Shenandoah University Research
Research on Equine Assisted Therapies is continually growing causing a surge in the need for Hippotherapy facilities and therapeutic centers capable of conducting equine assisted activities. By conducting on-site research in conjunction with Shenandoah University, Ride-On Ranch is on the forefront of this emerging trend. Research is conducted each year by graduate level Occupational Therapy students focusing on various effects hippotherapy has on a variety of symptoms.
Research Question: Does engagement in hippotherapy improve postural control and handwriting legibility in children with ASD?
Research Description: The Central Nervous System (CNS) of children with Autism Spectrum Disorder can become disorganized, which can affect their social, emotional, communication, and language functions. Hippotherapy can help a client’s CNS become more organized through its repetitive and rhythmic nature, increasing the effectiveness of these functions.
Children with Autism Spectrum Disorder (ASD) exhibit difficulty with handwriting legibility. According to Scordella et. al (2015), 37% of elementary school-aged children struggle with handwriting legibility. Studies have shown that elementary school teachers attribute poor handwriting to poor postural control. Postural control not only affects handwriting, but it impacts all aspects of occupation. Many intervention approaches exist to assist in improving postural control. Hippotherapy is one intervention for improving postural control. While literature shows a link between involvement in hippotherapy and increased postural control in the population of children with Cerebral Palsy (Zadnikar & Kastrin, 2011), there is no research on hippotherapy as an intervention for postural control in children with ASD.
In total 10 subjects will be chosen for this study once completed application and inclusion eligibility have been determined. Treatment sessions will consist of one to three subjects per session. Each session will be 45 minutes in length but may vary based on the introduction of study, cooperation of horse and client, testing duration, and transfers for up to four separate sessions per client. The treatment sessions will include up to three riders per 45 minute intervals. The subject’s times will be staggered every 15 minutes so that proper instruction of testing items may be provided from researchers. For example, subject 1 will start at 1:00 pm and end at 1:45pm, subsequently another subject will begin at 1:15 pm and end at 2:00 pm, then another subject will start at 1:30 pm and end at 2:15 pm and so on until all 10 subjects have been tested.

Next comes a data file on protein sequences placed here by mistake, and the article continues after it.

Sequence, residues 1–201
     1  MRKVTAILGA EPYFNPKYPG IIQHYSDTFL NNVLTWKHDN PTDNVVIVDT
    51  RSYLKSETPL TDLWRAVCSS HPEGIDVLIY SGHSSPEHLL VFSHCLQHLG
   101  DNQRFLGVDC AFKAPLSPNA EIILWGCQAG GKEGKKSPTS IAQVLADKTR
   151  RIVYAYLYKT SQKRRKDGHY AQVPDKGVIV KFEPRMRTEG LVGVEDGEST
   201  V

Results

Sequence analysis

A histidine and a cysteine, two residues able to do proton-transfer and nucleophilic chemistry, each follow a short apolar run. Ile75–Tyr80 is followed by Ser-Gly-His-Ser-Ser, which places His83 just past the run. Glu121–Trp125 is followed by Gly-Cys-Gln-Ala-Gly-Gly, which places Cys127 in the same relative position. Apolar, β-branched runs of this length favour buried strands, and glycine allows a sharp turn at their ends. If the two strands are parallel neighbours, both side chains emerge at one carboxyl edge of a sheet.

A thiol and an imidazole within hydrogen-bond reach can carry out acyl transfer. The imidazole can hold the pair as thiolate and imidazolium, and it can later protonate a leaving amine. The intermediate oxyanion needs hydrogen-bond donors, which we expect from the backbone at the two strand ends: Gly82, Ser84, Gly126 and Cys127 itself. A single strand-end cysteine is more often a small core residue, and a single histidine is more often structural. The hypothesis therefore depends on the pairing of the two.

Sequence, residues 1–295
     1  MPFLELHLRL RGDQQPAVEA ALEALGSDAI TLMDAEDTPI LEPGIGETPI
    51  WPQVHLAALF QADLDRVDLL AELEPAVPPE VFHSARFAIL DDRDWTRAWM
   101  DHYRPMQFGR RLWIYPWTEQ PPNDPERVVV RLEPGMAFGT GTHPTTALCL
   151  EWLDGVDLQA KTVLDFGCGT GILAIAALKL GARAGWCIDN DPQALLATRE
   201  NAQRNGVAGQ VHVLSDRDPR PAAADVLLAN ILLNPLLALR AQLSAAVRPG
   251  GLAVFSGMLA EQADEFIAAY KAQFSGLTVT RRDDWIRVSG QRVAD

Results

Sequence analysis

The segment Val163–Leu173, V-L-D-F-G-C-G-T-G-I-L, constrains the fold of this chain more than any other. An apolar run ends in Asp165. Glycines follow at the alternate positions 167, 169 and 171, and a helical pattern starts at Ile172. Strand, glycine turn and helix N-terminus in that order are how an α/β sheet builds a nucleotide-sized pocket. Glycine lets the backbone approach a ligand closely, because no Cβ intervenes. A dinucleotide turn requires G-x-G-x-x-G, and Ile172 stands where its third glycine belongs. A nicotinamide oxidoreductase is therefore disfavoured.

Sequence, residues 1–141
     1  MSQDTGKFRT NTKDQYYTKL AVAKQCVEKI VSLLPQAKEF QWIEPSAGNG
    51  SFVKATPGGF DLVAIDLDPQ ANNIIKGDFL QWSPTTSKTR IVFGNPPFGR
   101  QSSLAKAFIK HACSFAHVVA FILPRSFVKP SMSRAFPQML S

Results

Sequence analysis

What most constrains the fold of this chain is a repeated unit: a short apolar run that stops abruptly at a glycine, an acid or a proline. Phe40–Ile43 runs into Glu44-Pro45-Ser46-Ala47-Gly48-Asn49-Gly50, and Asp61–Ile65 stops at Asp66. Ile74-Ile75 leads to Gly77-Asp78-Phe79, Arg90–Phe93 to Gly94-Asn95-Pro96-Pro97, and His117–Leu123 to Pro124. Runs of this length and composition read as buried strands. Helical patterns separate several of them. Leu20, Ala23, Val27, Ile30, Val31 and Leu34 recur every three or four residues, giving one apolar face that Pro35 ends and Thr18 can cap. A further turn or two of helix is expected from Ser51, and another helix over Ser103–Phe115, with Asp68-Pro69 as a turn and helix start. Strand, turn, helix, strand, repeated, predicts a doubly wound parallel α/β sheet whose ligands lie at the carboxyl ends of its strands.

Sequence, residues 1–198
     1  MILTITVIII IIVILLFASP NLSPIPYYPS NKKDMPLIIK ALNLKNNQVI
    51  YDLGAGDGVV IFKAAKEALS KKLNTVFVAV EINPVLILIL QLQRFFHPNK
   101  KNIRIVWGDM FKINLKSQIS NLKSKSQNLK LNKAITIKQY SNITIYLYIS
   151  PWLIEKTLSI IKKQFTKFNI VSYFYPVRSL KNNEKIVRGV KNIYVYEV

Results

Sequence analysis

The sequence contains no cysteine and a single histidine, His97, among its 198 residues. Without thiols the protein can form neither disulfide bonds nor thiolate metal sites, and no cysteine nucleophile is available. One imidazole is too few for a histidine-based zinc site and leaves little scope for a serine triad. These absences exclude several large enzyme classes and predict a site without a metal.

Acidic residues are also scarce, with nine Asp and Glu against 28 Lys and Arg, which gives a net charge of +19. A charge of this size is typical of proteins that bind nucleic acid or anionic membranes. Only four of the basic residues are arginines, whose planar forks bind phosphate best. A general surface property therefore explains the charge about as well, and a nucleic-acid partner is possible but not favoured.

Certified Therapeutic Riding instructors or certified volunteers will aid in transferring the client on and off of the horse. If the subject at any time feels uncomfortable or chooses not to participate they can stop at any time, it is their responsibility to notify the volunteers or instructor that they would like to stop and the instructor or volunteer will transfer the subject off of the horse.
Quantitative data will be collected before and after individual treatment sessions with each subject via a pre and post-test using both standardized and nonstandardized assessments such as the Minnesota Handwriting Assessment (MHA) and the Nintendo Wii™
Spotlight on 2013 Research
2013 – The Effects of Hippotherapy on Motor Performance Skills of Special Olympic Athletes
In the spring of 2013, Shenandoah University students conducted a research project at Ride-On Ranch evaluating the effects of hippotherapy as an occupational therapy modality on the motor performance skills of Special Olympics athletes. Using the Berg Balance Skills, an observation checklist, and other forms of assessments, the therapy students were able to see improvement in the riders after 45-minute hippotherapy sessions. Riders displayed:
- Increases in verbal and social participation
- Increases in motor skills
- Expressions of positive emotion
Findings were presented at the 16th Annual International Congress of the World Federation of Occupational Therapist in Yokohama Japan, June 2014.
Shenandoah students observe and evaluate a research participants.